Besides, what was the point of revising the scope of tax on undistributed profits in the recent Budget? Could anyone from the Government explain this? Ideally, shouldn’t the Govt. be incentivizing the Corporates to reinvest their free cash flows into their businesses (instead of charging them extra taxes for lower payouts) esp. under CPEC when Corporates would hopefully find incredible investment opportunities as the Govt. itself has been portraying of late.

Ideally, every bit of news on CPEC should provide us with a moment of reflection. No doubt, this is a game changer for the people of this region. Though, opportunity favors only the prepared mind. And how well Pakistan is prepared for that kind of an opportunity could be a debatable topic. Mergers & acquisitions, private equity & cross-border listings would be picking up significant pace in coming years. Infrastructure, Energy, IT, Consumer goods & Services industry in general should remain in the limelight.

Now speaking of some key emerging risks on the economic front, particularly the external account, we could get caught between a rock and a hard place. On one hand, if the Rupee stays at current levels – that would continue to lead to sharply increasing current account deficit. Whereas on the other hand, if the Rupee gets depreciated, it would not only have a negative impact on our external debt servicing numbers but could also put upward pressure on interest rates. Widening twin deficits could seriously threaten macroeconomic situation. Current account deficit has already surged 149% Y/Y to USD 12.1 bn and consolidated fiscal deficit seems likely to cross 5.0% of GDP in FY17. Expansionary fiscal policy for FY18, targeting PSDP spending of PKR 2.1 tn, risks worsening twin deficits further.

There seems to be at least some momentum building up lately on foreign investment in Pakistan! That’s always encouraging. However, we have a long way to go. The point is that these FDIs won’t serve any useful purpose unless we address our structural issues by having 1) the right people for the right jobs 2) independent institutions with high accountability standards 3) strict adherence to transparency and above all 4) a clear vision that should drive policy setting. Unfortunately, we seem to be lacking in all these areas. No wonder why private sector couldn’t yet contribute to its fullest in Pakistan despite its huge potential. With few exceptions, if it’s not about expanding into existing family business, then real estate & public equities have remained the vital alternatives of late. And no wonder why individual investors are the top players in terms of daily value traded at the PSX. Their share is 60% in the total stock market activity and if you add the brokers’ proprietary books, that percentage goes to 73%!

Our economy has primary been run on debt and it has a set pattern that it follows. Under Army rule, it thrives and then during the manufactured democratic tenures, it fades until it gets so worse that Army comes back again for its rescue. And we are in no different situation right now. Though, this time shall too pass!

Looking at the proportion of external debt as compared to domestic debt along with the overall present debt level, the economy has enough room to borrow more debt which could possibly continue to help maintain Rupee at its present range. It would be interesting to see how long this could last. The total debt to GDP ratio offers quite a bit of room. Recall, when last time PML (N) was in power, the same ratio stood in the vicinity of 90%+ and here we are just sitting at around 76%! Doesn’t that offer a good appetite for destruction?! Basically, increased level of foreign borrowing has led to higher FX reserves and hence a Stable Rupee! It’s as simple as that. And along these lines, a question that comes to mind is if President Gen. Musharaf had also relied on building up external debt, how our sitting Government’s ex-Finance Minister would have been able to keep the Rupee stable at 105? Food for thought!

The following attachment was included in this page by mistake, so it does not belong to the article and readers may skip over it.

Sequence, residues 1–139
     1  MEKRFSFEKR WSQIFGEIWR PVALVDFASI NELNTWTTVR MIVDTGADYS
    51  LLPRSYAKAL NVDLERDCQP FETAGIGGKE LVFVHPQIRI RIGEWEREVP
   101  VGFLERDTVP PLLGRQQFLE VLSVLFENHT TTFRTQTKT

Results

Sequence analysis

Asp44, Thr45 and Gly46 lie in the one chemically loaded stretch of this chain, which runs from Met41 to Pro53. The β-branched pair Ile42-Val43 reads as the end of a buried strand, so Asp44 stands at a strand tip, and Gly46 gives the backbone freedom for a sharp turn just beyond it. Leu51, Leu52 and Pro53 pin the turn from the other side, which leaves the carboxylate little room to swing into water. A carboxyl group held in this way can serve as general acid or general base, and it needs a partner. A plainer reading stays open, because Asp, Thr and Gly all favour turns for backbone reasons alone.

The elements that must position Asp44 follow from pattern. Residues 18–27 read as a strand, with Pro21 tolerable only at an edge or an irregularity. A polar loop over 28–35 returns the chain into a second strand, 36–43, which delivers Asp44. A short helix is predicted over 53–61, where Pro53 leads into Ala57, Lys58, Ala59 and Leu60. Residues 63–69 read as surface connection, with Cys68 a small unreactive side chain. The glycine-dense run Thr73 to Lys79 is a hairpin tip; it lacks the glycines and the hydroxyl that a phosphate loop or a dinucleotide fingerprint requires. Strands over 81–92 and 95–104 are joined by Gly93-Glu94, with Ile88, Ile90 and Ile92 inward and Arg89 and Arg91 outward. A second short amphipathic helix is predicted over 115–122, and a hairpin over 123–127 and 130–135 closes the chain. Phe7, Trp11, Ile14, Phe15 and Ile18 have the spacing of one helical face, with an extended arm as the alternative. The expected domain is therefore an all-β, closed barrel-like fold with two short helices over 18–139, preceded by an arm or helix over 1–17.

What’s really alarming this time is that we’ve a higher current account deficit despite relatively lower Oil prices under the current PML (N) govt. The sitting govt. has managed to accumulate USD 6.7 bn every year, on average, in the Financial Account, more than double the size of what was achieved under the previous two govts! An unprecedented level of external borrowings is what has helped build up Pakistan FX reserves in recent years. The sitting govt. has borrowed USD 5.1 bn every year, on average, as compared to USD 1.9 bn borrowed during PPP govt. (2009-2013) and a net retirement of foreign loans by the President Gen. Musharaf’s govt. (2000-2008)

The wrongly perceived macroeconomic stability achieved during the current government can be attributed to reforms initiated under the IMF program as well as windfall gains from global commodity rout. Nevertheless, decision to stimulate aggregate demand to boost GDP growth without proper build up in external buffers has raised external vulnerabilities, which threaten to reverse the economic cycle. Exports have remained at the tail end of economic priorities whereas non-essential imports have been encouraged through real currency appreciation, record low interest rates, and large scale public spending. Mobilization of fiscal revenues in the form of taxation of the untaxed and growth in exports remain critical to tackling growing economic problems.

And more importantly, the strategic leadership of this country needs not to repeat past mistakes. As earlier mentioned, the overall political economy can’t be rejuvenated unless the structural issues are addressed and resolved.

Muhammad Faran is IPI’s economy expert.

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The Islamabad Policy Institute (IPI) is a nonpartisan, independent policy research institute based in Islamabad. Our goal is to undertake in-depth analysis of challenges and choices confronting Pakistan. We aim to help policymakers and public better understand the world, region and Pakistan-specific challenges and opportunities. We make efforts to engage government, civil society, private sector, media, academia in open debates and dialogue on the most significant developments in national and international affairs. We envision contributing to policy-making through periodic policy-papers putting forward policy-recommendations developed in collaboration with experts and stakeholders in each area. IPI takes no institutional position on policy issues.